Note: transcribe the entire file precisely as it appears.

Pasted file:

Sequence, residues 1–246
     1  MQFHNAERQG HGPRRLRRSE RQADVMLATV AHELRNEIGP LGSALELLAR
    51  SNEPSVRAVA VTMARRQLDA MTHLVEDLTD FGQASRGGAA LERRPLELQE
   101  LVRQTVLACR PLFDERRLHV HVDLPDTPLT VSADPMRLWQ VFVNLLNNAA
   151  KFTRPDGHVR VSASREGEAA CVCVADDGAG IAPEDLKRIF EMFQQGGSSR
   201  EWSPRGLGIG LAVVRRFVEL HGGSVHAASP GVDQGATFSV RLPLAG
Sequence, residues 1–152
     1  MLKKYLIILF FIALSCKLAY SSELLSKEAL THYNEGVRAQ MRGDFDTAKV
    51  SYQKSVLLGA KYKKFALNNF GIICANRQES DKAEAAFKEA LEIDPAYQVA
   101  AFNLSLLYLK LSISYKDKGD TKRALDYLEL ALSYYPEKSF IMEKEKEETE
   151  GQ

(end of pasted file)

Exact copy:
Sequence, residues 1–246
     1  MQFHNAERQG HGPRRLRRSE RQADVMLATV AHELRNEIGP LGSALELLAR
    51  SNEPSVRAVA VTMARRQLDA MTHLVEDLTD FGQASRGGAA LERRPLELQE
   101  LVRQTVLACR PLFDERRLHV HVDLPDTPLT VSADPMRLWQ VFVNLLNNAA
   151  KFTRPDGHVR VSASREGEAA CVCVADDGAG IAPEDLKRIF EMFQQGGSSR
   201  EWSPRGLGIG LAVVRRFVEL HGGSVHAASP GVDQGATFSV RLPLAG
Sequence, residues 1–152
     1  MLKKYLIILF FIALSCKLAY SSELLSKEAL THYNEGVRAQ MRGDFDTAKV
    51  SYQKSVLLGA KYKKFALNNF GIICANRQES DKAEAAFKEA LEIDPAYQVA
   101  AFNLSLLYLK LSISYKDKGD TKRALDYLEL ALSYYPEKSF IMEKEKEETE
   151  GQ